At the Interface: work, resistance and technology in the gig-economy
Adam Badger (Royal Holloway, University of London, UK)
From the corporate office to the warehouse, the introduction of digital interfaces built
for, or harnessed by the workplace is nothing new (see Gregg, 2011). This paper will
focus on the amalgam of digital and work with particular reference to one ‘gigeconomy’ firm’s use of an interface. It follows months of covert research – undertaken by the author - for a bicycle delivery platform and an ethnographic study of the trade union representing and organising them. It highlights the sociomaterial ways in which ‘riders’ work with, and through the interface in the undertaking of paid labour – its tactile, audio, and visual surfaces which interact with a complex assemblage of other interfaces (the phone of the geographically displaced customer, the tablet of the restaurant receiving orders, the cacophony of other workers’ activity, and the algorithm engineered to make sense of it all). Specific focus will be given to the intelligent design developed and deployed by the company and the ways in which it is felt, experienced, and lived by riders in the rhythm of work. This will be used to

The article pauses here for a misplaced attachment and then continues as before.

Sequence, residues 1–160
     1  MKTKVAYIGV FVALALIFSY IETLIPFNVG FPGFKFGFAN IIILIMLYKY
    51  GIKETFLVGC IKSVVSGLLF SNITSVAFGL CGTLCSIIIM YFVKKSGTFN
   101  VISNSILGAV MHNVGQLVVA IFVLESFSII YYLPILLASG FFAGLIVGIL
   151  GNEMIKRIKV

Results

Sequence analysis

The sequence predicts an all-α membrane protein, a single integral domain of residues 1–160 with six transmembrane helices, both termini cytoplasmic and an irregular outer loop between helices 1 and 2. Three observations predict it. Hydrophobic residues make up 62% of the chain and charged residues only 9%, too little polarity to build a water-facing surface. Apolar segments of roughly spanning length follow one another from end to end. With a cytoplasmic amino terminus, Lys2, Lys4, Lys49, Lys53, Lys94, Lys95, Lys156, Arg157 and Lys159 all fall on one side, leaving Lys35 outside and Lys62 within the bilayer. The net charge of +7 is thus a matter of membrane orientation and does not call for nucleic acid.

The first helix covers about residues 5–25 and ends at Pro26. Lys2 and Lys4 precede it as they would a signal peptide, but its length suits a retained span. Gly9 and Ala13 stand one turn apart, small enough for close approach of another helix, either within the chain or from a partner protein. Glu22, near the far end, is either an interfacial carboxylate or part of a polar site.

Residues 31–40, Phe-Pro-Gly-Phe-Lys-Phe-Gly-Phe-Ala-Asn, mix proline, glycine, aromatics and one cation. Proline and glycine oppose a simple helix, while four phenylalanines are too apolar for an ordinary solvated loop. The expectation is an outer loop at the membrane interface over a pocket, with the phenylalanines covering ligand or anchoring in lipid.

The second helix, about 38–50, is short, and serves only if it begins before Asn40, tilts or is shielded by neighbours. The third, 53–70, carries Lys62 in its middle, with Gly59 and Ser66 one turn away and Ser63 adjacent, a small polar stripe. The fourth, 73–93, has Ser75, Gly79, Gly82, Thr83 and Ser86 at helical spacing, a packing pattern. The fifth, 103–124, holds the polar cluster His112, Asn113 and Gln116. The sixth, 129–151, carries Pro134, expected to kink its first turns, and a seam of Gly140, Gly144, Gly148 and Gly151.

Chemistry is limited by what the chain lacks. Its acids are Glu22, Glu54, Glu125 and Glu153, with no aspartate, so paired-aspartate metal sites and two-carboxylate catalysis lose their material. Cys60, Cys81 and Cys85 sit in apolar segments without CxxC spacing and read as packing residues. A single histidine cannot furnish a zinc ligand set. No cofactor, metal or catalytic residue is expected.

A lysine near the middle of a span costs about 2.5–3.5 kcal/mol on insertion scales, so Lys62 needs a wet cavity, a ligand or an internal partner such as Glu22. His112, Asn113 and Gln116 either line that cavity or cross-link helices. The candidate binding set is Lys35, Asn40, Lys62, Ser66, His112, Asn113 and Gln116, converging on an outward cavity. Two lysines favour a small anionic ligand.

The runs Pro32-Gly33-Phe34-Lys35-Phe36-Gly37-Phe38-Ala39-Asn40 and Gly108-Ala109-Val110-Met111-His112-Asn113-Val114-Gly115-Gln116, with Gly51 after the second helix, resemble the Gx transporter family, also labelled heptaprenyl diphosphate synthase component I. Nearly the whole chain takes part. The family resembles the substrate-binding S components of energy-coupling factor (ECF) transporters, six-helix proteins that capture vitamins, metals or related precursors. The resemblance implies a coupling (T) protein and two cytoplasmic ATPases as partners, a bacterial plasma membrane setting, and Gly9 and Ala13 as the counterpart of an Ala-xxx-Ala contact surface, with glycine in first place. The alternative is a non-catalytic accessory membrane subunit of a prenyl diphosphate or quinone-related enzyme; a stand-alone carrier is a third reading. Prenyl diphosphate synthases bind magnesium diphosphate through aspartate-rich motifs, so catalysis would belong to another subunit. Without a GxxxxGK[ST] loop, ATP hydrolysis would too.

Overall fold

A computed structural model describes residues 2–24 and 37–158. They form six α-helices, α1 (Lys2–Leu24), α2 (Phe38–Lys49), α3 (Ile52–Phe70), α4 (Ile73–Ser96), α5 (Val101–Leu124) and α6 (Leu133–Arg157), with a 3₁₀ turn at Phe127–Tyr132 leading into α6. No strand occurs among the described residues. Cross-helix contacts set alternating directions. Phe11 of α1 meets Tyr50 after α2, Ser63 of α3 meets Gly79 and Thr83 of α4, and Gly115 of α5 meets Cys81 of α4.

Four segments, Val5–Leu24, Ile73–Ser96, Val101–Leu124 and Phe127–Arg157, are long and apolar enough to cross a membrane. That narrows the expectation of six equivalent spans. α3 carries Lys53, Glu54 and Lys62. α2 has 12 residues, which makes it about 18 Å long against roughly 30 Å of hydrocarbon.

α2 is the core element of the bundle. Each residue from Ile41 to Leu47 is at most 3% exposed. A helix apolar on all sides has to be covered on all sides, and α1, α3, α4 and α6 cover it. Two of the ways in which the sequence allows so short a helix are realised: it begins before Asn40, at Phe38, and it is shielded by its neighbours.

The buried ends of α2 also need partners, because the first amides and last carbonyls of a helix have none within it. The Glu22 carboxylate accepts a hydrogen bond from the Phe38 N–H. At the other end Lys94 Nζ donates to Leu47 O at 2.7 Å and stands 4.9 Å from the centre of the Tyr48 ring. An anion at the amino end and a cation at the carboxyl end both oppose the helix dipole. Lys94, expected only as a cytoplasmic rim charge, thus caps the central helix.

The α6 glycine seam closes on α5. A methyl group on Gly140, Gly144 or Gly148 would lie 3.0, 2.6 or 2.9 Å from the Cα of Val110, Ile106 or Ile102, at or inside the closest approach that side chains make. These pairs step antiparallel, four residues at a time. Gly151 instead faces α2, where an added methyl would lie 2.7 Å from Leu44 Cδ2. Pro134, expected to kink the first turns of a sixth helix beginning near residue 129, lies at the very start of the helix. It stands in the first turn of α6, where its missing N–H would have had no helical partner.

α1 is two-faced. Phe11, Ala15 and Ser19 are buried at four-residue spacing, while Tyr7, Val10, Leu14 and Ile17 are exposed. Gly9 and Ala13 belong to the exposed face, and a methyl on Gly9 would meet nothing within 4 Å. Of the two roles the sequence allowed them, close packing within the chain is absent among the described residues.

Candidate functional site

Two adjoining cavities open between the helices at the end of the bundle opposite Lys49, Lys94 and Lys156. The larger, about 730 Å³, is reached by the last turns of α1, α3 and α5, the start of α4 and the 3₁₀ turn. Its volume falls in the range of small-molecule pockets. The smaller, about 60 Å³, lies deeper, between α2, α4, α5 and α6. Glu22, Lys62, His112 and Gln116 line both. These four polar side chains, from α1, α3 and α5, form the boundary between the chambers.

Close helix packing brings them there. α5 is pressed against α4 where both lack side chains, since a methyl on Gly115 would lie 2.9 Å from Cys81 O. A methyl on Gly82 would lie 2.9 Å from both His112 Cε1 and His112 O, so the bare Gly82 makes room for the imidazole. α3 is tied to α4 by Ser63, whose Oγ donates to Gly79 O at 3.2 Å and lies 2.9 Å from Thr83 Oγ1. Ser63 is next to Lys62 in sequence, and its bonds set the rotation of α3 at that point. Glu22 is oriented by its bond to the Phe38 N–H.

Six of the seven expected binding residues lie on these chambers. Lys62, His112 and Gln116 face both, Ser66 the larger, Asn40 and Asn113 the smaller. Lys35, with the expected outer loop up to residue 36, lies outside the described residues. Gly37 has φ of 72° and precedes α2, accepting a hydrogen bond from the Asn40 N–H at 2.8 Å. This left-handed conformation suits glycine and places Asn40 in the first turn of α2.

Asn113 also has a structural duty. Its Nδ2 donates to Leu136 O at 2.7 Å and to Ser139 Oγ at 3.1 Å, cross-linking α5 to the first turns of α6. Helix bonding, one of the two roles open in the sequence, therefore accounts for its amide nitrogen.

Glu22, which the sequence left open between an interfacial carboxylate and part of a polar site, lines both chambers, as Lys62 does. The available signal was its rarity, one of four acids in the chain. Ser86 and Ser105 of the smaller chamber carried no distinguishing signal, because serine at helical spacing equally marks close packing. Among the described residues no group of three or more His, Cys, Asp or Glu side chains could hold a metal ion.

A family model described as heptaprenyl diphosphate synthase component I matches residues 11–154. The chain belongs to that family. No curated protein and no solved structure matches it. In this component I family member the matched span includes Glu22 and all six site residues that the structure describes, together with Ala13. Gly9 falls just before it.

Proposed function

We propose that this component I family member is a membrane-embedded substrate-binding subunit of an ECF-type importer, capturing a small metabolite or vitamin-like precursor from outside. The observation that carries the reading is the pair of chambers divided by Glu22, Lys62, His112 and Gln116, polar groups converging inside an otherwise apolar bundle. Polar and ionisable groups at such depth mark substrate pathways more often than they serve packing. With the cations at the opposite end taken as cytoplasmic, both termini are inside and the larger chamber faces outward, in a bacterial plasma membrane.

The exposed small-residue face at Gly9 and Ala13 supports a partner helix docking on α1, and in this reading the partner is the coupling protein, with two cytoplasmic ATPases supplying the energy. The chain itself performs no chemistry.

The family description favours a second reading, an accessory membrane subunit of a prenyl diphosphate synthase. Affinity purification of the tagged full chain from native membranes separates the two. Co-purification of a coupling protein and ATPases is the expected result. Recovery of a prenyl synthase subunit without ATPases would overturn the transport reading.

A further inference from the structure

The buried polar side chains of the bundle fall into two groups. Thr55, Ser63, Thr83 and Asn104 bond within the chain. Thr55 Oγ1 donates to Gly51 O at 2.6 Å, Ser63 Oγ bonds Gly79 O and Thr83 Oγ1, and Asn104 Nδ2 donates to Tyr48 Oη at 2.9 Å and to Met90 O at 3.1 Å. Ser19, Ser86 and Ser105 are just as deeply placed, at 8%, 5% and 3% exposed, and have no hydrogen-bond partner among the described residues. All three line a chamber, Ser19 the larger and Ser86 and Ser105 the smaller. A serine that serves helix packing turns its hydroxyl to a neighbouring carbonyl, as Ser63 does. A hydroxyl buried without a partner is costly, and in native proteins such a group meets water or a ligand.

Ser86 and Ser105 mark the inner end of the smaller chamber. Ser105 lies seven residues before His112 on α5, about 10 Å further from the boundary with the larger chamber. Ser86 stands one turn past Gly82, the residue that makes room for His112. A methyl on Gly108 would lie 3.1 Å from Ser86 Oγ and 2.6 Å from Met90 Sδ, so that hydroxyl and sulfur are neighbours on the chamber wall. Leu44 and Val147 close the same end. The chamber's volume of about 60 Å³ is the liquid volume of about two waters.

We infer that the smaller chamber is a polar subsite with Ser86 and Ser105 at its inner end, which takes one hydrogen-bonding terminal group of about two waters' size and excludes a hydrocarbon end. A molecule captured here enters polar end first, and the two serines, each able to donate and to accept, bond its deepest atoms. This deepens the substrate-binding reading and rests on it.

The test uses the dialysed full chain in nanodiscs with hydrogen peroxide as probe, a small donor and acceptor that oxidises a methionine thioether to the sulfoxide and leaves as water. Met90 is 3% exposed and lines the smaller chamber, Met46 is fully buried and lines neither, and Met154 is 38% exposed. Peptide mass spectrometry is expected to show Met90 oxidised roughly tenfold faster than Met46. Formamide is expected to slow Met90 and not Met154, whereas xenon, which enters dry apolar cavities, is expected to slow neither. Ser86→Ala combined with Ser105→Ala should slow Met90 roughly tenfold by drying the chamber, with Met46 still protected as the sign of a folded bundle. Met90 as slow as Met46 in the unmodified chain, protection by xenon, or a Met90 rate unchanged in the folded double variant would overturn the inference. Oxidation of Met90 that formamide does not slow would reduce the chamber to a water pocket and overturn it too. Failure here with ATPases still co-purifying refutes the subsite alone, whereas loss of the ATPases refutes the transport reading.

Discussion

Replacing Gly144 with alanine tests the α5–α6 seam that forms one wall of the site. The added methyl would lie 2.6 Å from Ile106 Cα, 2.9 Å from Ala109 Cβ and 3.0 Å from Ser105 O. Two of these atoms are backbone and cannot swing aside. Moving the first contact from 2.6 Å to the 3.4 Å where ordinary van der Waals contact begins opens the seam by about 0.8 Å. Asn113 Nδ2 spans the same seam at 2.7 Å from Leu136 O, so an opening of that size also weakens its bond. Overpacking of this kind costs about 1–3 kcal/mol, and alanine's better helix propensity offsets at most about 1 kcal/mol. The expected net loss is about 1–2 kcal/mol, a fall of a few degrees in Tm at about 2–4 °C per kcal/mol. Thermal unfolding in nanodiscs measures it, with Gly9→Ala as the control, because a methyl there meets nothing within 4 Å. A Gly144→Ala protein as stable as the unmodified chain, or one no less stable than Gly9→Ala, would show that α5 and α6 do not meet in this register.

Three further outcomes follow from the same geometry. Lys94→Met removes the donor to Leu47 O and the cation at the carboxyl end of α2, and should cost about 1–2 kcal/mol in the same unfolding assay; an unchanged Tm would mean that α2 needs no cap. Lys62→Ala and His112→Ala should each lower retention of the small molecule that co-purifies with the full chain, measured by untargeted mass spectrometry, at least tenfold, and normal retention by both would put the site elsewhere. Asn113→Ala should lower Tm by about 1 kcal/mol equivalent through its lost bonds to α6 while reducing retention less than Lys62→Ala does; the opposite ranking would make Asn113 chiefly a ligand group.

further argue that interfaces are the very manifestations and agents of processes
such as data capture, analysis and control, rather than the thin veneer shielding
these functions from view. Finally, attention will turn to the ways in which workers
and trade unions are generating understandings of the interfaces with which they
work to actively resist; in so doing, dissolving carefully engineered sites of efficiency
into points of rupture and resistance.